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I just enabled remote connections on my SQL Server Express 2012 installation. Now I am a little bit worried about the server security because allowing connections to everybody sounds like a big security hole for me.

Is it possible to tell the SQL Server to disconnect if the user is trying to authenticate with a user which is not on my "allow" list? If so, I could add my monitoring user to this list and don't have to worry that my administration accounts are accessible.

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First of all, this is probably a question that should be asked in the DBA site. Anyway, you can set up the security of the server so that only certain users are allowed to login.

When you set up the server, you add Logins to the Server Level and then Users at the database level. Only the users that are setup can, obviously, use a particular database. You can place users into roles, so, for example, they will have read-only access to a database. You can control, down to the object level, who has access to what.

There is a good article on what SQL Server security is about here

Having said that, sometimes, after, you have setup your security, you need to disallow certain users to not be allowed to Logon. Perhaps you are doing some major upgrade to the database. One option in this case is to create a Logon trigger.

A Logon Trigger will fire every time a user Logs in. You could create a table of "allowed" users and, in the trigger, if they are not in the table you ROLLBACK, effectively disallowing the Logon.

Here is information about creating a Logon trigger

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Logon Triggers are tricky and dangerous. They should only be attempted by experienced SQL Server DBAs. Anyone who does not know what the DAC is and how to use it, should not be trying Login Triggers. – RBarryYoung Apr 25 '13 at 17:45
    
Let me clarify: I agree with everything else, I just wouldn't recommend Login Triggers to the uninitiated. – RBarryYoung Apr 25 '13 at 18:11
    
I agree with you, @RBarryYoung. – Michael Harmon Apr 25 '13 at 18:50

You should be able to set up the db server to only accept connections from certain IP addresses, rather than to all of them. I'm unsure of the T-SQL syntax, but someone will surely chime in with the correct one.

If you really mean business, that being said, you'll want to authenticate clients using certificates that you give them. See this and the various articles it links to:

http://security.stackexchange.com/questions/14589/advantages-of-client-certificates-for-client-authentication

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AFAIK, there is no functionality built-in to SQL Server like this. Windows Firewall maybe could do it, but for SQLServer you would have to roll-your-own (dangerous and not for the uninitiated). – RBarryYoung Apr 25 '13 at 17:43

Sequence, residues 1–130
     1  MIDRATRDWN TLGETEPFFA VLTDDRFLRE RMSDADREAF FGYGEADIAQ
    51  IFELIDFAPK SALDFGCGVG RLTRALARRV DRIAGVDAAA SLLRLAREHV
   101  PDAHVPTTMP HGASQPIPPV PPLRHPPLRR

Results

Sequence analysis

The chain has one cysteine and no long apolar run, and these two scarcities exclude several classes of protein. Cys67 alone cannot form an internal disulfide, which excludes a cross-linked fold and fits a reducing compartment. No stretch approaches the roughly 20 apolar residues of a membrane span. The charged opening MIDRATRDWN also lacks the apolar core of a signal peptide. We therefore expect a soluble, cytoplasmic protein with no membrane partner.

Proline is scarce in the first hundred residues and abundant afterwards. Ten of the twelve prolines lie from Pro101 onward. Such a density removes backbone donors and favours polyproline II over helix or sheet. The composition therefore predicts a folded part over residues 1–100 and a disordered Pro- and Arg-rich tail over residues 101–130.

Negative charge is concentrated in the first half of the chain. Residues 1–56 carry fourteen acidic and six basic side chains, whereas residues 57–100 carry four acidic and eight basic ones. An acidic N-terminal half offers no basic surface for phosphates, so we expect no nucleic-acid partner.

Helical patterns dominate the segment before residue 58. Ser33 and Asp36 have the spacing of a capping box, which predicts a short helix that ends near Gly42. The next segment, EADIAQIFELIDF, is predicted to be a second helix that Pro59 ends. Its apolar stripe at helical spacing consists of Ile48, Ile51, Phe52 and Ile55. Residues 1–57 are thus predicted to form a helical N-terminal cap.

Insofar as I've set it up myself for my git server, the cert-based security occurs at the SSL level. Basically, as the client negotiates a secure connection, the server's certificate authority requests a certificate that it signed; if the client fails to deliver, the server rejects the connection altogether: it won't allow the client to go anywhere near SQL server, let alone try to log into it. – Denis de Bernardy Apr 25 '13 at 17:59
    
Nonetheless, this isn't anything having to do with T-SQL syntax. I'm not saying that it doesn't work or that the OP cannot or shouldn't use this, I am just saying that the bit above about it being in SQL Server/T-SQL is not correct AFAIK. I could be wrong, but I beleive that this kind of thing is setup on the Domain or Windows Server, not in SQL Server. – RBarryYoung Apr 25 '13 at 18:04
    
Yup yup, entirely correct. It's not at the SQL-level, which makes both your answer and Michael's better than mine if OP isn't sure of what he's doing. – Denis de Bernardy Apr 25 '13 at 18:08
    
Here is code for blocking access at the SQL Server level to IP addresses: shirmanov.com/2010/09/…. However, I think the OP will be better served studying Logins and Users and basic security setup in SQL Server. – Michael Harmon Apr 25 '13 at 19:12

Being able to connect remotely to a SQL Server instance does not mean that they can Login to it. If they are not authorized properly, they should still get kicked-off by the SQL Server Login Authentication sequence.

This is silent/invisible for "Trusted Logins" (where the authorization comes from their Windows Login/Domain Account), but it still happens.

If you look under the "Security" folder of your Server (in SSMS), you will see the list of authorized Logins to you SQL Server. By adding or removing these you can control who can actually create a session on your SQL Server.

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